Adewole urged the ministers and other key stakeholders involved in the process of implementing this policy to fast-track the process of this extension as it will go a long way to encourage and boost Nigeria’s EBF rates which will contribute to a reduction in malnutrition.

Explaining the PINNS Project, Eluaka further said that it seeks to strengthen the country’s nutrition systems to be more result-driven, effective, serviceable, efficient and transparent in delivering on their mandate.

She said “it is aimed at holding government accountable on commitments made to allocate, release and use transparently, funds for implementation of high impact nutrition interventions in Nigeria through evidence-based advocacy.

“This project will also contribute to a reduction in malnutrition particularly among women and children in Nigeria as it is focused on strengthening governance, policy implementation, effective coordination, financing, building the capacity of state actors, generation and effective communication of evidence as promoting accountability.”

Eluaka however noted the role of the media in the fight against malnutrition as CS-SUNN recognises that the media are instruments of mobilisation, awareness creation, information exchange and dissemination and that they have a great role to play in setting nutrition as an agenda for public discourse.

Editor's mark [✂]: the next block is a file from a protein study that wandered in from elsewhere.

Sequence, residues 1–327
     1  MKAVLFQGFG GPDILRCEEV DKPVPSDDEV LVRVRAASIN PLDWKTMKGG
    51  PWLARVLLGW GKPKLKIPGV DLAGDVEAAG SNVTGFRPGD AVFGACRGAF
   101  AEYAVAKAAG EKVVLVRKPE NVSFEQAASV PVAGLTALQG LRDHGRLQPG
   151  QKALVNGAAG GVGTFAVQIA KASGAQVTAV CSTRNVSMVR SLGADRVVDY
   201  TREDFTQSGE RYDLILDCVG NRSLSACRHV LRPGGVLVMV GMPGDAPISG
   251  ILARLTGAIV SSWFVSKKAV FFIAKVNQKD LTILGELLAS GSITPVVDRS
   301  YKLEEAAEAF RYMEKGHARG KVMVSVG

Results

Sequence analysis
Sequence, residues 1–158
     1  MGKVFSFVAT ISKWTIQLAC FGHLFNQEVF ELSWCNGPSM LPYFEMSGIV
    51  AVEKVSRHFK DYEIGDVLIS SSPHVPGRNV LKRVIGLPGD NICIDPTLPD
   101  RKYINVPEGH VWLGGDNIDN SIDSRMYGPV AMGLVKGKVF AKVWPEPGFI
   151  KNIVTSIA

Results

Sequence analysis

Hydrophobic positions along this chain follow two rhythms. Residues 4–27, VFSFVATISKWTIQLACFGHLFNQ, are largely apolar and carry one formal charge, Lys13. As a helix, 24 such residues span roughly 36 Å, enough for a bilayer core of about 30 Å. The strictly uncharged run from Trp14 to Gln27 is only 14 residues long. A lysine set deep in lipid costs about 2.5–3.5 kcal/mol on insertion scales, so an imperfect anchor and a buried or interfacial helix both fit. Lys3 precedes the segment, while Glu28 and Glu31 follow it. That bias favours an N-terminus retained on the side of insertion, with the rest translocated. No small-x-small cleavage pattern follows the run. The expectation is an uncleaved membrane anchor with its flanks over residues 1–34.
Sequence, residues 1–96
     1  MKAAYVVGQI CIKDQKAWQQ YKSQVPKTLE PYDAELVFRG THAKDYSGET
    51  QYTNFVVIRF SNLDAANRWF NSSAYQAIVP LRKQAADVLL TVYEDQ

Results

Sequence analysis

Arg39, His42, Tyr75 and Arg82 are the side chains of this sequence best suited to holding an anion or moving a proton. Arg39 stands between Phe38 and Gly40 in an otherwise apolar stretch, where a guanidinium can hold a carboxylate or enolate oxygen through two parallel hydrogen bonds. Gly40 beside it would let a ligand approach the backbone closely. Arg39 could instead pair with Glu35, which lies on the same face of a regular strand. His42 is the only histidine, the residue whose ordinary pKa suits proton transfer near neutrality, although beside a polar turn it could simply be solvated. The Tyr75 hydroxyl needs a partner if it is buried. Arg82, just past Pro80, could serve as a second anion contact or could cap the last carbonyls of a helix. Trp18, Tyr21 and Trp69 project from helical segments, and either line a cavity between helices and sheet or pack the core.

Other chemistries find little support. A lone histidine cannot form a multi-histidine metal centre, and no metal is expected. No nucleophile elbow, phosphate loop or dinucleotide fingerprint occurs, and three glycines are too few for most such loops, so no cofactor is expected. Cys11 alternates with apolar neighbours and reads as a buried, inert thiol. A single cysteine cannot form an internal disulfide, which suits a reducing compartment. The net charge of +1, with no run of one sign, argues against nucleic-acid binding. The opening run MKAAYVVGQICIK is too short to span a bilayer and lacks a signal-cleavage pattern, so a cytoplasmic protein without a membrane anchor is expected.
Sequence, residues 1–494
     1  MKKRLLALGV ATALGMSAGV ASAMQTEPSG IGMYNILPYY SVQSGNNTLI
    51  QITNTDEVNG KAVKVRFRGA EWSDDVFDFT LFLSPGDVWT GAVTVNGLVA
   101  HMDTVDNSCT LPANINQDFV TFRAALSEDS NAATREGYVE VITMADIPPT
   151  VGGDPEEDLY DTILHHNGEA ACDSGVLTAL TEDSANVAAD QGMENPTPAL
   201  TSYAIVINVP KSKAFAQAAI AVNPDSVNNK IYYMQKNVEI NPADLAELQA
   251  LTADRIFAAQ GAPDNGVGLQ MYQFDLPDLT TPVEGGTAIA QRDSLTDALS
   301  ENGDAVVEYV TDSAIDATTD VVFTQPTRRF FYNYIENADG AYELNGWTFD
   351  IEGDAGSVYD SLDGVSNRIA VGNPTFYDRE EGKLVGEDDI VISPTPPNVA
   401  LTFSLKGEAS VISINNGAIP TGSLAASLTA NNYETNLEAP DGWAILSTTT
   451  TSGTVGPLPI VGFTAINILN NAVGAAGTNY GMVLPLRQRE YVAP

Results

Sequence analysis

Mrs. Lilian Ajah-mong, Communications Officer, CS-SUNN, in her presentation, said the overall goal of PINNS was to contribute to the reduction of malnutrition among women and under-five children.

Ajah-Mong however identified challenges to malnutrition to include ineffective coordination of nutrition activities of actors at the national and sub-national levels, inadequate fund allocation and releases for implementation of nutrition plans in the annual budgets, limited visibility of nutrition issues, and none use of evidence for action by policymakers.

Other key systemic challenges she identified include; uptake of preventive measures for combating malnutrition such as exclusive breastfeeding and optimal Infant and Young Child Feeding, (IYCF) practices rates in the country is still very low and need to be improved upon.

She however said the PINNS project is geared towards strengthening nutrition governance, transparency and accountability in the use of nutrition funds, adequate financing and effective coordination amongst others.